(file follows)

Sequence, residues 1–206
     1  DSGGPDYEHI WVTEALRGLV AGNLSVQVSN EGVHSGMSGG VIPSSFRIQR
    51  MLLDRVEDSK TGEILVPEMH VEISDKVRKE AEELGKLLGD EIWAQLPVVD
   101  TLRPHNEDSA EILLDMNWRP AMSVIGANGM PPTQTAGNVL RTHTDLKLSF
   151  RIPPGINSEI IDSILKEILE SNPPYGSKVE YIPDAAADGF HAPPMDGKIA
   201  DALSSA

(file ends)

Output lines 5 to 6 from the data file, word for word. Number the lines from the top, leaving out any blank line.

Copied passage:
   151  RIPPGINSEI IDSILKEILE SNPPYGSKVE YIPDAAADGF HAPPMDGKIA
   201  DALSSA